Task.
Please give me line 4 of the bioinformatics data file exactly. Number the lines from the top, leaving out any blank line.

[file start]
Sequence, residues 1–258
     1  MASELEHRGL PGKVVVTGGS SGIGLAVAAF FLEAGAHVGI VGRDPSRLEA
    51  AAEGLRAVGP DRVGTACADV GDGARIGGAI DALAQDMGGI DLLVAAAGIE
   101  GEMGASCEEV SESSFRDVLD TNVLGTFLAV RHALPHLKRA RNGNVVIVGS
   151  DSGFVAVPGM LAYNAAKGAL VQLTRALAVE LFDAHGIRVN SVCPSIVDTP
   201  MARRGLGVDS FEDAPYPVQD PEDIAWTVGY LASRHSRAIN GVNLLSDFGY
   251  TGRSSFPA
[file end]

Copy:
   101  GEMGASCEEV SESSFRDVLD TNVLGTFLAV RHALPHLKRA RNGNVVIVGS